Thursday, October 29, 2009

Dilettante journalism and a philosophy of blogging


On what was, coincidentally, the six-month anniversary of this blog, I had lunch last week with a professional journalist—in other words, someone who is actually paid to investigate and report. What I do as a blogger, it turns out, is not that different from what she does as a newspaper reporter, except that as an amateur journalist I do not get paid for my efforts.

Though we represent opposite sides of the old-media-versus-new-media divide, I discovered that among the things we share is a love of uncovering a story, a sense of purpose and accomplishment for doing what we do, and a common journalistic ethic. If it paid any money, I would be a newspaper reporter rather than a banker. Instead, I have found my calling as a part-time blogger—a dabbler in the business of communication.

Which isn’t to say, however, that as a blogger I don’t have standards. In adhering to a journalistic protocol, I am certainly not unique within the Seattle hyperlocal blogging community. Most of the neighborhood bloggers clearly take their jobs as journalists very seriously (even though some do cross the line into advocacy journalism from time to time). Hyperlocal blogging is really citizen journalism, after all, and the form is still evolving.

Not everyone believes that bloggers are professionals, however. In my half year “in the business” I’ve found that bloggers simply do not get the level of respect enjoyed by their broadcast and print-media counterparts. After introducing a newspaper-tax-break bill into the legislature this year, for example, House Majority Leader Lynn Kessler, gave this quote to the blog TechFlash: “Anybody who’s blogging, God love ‘em, can say and do whatever they want, because they have no liability or responsibility for what they say, because they are not held to any standard, and they shouldn’t be—they’re just individuals editorializing, if you will.”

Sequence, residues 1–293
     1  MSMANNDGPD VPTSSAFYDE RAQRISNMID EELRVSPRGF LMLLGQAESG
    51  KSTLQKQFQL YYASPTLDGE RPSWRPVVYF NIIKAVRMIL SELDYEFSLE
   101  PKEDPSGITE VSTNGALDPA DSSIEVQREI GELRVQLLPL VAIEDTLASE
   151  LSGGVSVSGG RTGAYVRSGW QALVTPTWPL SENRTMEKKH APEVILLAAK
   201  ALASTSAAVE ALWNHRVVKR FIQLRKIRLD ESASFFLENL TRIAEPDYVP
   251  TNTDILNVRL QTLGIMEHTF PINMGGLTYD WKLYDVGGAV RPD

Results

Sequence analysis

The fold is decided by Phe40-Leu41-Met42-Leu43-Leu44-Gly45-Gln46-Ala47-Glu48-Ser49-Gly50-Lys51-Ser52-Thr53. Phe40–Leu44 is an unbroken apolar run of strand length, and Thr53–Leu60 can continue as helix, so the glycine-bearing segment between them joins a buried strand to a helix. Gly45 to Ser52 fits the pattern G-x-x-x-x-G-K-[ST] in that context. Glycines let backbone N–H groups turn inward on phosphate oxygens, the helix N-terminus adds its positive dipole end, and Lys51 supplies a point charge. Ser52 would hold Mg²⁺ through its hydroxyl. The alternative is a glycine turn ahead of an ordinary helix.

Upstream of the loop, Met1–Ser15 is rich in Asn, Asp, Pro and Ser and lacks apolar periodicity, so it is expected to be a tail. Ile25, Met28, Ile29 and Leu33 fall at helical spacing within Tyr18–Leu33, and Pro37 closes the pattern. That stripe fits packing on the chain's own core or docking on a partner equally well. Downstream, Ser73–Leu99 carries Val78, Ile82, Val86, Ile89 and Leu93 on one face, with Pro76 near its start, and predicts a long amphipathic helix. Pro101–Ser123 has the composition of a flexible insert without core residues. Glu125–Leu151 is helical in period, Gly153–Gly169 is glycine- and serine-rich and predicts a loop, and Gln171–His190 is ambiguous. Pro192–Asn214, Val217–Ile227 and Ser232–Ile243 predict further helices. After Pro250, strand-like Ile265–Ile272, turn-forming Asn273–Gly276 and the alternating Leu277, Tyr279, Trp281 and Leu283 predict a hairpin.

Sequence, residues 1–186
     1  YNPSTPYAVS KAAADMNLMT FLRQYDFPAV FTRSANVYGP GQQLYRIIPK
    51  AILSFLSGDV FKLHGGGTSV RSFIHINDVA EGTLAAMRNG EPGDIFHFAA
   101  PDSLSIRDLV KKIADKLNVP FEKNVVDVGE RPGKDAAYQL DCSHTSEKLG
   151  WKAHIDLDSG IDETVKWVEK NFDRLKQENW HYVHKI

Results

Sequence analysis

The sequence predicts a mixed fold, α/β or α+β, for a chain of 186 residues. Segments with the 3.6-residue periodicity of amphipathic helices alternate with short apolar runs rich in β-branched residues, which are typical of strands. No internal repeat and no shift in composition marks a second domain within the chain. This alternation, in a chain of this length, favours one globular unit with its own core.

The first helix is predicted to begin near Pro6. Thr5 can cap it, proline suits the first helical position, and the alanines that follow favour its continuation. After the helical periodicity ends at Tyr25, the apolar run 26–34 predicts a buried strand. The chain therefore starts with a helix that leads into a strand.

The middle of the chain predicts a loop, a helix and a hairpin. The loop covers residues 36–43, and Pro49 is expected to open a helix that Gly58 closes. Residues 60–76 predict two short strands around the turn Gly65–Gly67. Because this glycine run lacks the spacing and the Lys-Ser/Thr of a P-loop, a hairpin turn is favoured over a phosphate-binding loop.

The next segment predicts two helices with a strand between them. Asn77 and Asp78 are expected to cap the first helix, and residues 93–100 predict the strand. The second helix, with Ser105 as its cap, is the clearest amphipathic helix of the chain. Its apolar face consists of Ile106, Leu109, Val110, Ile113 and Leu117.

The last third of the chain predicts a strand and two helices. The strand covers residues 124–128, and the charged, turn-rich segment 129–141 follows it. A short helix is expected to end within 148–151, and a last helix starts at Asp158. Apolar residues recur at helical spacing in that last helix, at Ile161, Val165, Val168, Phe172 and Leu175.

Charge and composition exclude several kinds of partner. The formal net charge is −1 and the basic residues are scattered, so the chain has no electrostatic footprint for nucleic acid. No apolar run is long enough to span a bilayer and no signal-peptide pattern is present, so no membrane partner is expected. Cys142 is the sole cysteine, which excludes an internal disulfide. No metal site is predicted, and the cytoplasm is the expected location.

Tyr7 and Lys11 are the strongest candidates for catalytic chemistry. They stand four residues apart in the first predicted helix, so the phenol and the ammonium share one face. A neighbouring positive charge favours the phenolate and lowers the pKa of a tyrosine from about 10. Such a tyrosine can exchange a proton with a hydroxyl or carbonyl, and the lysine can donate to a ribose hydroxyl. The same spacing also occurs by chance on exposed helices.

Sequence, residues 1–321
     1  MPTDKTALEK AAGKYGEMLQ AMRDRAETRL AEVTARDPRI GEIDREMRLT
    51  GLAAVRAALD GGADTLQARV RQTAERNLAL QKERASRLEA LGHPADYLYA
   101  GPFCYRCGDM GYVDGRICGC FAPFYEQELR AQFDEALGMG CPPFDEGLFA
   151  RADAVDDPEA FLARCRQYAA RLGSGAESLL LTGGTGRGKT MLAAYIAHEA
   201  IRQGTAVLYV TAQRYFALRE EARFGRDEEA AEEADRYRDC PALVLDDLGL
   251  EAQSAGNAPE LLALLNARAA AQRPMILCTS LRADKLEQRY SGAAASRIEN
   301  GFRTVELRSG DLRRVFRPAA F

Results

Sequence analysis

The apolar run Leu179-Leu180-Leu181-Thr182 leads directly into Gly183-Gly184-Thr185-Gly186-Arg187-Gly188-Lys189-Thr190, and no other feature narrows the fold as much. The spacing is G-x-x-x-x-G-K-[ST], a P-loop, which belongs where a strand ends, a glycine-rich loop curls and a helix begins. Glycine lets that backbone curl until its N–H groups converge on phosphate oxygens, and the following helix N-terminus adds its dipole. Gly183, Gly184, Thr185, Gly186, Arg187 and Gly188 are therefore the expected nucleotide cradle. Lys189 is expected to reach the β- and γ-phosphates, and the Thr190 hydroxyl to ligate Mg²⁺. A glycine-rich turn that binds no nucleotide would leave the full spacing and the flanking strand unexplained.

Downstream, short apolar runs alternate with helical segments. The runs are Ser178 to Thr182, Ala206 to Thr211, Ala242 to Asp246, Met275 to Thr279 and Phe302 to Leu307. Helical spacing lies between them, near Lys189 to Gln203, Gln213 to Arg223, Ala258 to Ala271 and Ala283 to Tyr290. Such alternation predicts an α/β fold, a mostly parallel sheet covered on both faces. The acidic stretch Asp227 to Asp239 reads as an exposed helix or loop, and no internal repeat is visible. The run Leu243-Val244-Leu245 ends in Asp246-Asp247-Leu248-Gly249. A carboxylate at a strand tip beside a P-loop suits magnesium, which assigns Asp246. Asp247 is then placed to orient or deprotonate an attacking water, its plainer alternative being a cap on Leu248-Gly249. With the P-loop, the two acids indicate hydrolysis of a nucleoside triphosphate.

I take exception to that description. Bloggers do have a responsibility to the readers they serve and, as been pointed out by the one of the founders of the West Seattle Blog, we are no more (and certainly no less) licensed or certified to produce content than any newspaper is. Bloggers will be successful only so long as there are readers who believe we are credible.

Journalists are supposed to live up to certain standards of journalism, and I think a similar code of “professional” conduct is required of bloggers. Here are the elements of my own personal blogging code:

1. Be fair and accurate
2. Separate reporting from editorializing
3. Give attribution and provide hyperlinks to sources
4. Avoid conflicts of interest
5. Correct and note errors

Perhaps there are other necessary standards for this blog, the need for which will later become obvious; but I think this is a good start.

There’s one last point to make, and that involves philosophy. I started thinking about this during the summer after getting an email from one of my loyal readers whose story idea I had rejected. He graciously accepted my rationale for not following up on his suggested posting and ended by stating: “It is always a good idea to have an operating philosophy.” I agree, so I am going to spell mine out.